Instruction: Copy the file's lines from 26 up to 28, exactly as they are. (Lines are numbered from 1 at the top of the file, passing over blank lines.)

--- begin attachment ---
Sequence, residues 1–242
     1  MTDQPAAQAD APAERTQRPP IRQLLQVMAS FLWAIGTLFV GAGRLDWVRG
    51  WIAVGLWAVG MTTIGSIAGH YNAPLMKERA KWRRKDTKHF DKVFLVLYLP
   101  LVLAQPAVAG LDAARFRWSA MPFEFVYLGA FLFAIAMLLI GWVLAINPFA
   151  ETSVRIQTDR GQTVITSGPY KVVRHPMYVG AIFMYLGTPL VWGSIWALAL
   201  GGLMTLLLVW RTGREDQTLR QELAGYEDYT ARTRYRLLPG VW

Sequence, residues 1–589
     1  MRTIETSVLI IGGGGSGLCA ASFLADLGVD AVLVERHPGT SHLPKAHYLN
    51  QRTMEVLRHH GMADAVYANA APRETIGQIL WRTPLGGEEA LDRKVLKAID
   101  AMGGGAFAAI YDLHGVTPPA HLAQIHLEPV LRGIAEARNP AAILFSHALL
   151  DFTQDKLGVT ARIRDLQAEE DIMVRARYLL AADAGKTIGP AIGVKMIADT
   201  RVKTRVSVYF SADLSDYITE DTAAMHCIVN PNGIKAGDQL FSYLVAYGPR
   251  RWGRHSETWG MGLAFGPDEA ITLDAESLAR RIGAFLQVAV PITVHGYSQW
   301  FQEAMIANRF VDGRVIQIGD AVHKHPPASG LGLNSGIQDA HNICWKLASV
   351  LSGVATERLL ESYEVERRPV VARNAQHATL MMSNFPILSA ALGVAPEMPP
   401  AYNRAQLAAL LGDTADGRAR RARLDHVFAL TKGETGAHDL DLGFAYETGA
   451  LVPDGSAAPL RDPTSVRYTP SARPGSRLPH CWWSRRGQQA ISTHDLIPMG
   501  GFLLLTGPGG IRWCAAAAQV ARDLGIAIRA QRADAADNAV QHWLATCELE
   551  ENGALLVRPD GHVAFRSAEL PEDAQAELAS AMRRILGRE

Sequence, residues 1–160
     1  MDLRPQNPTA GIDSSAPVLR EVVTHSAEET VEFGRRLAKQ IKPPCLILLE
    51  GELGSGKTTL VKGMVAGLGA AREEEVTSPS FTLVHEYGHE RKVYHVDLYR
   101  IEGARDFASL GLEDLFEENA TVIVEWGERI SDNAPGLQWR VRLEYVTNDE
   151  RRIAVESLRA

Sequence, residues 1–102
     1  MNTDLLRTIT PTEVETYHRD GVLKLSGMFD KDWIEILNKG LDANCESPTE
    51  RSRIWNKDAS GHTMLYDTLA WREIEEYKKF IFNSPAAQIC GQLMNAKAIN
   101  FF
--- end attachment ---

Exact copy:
     1  MNTDLLRTIT PTEVETYHRD GVLKLSGMFD KDWIEILNKG LDANCESPTE
    51  RSRIWNKDAS GHTMLYDTLA WREIEEYKKF IFNSPAAQIC GQLMNAKAIN
   101  FF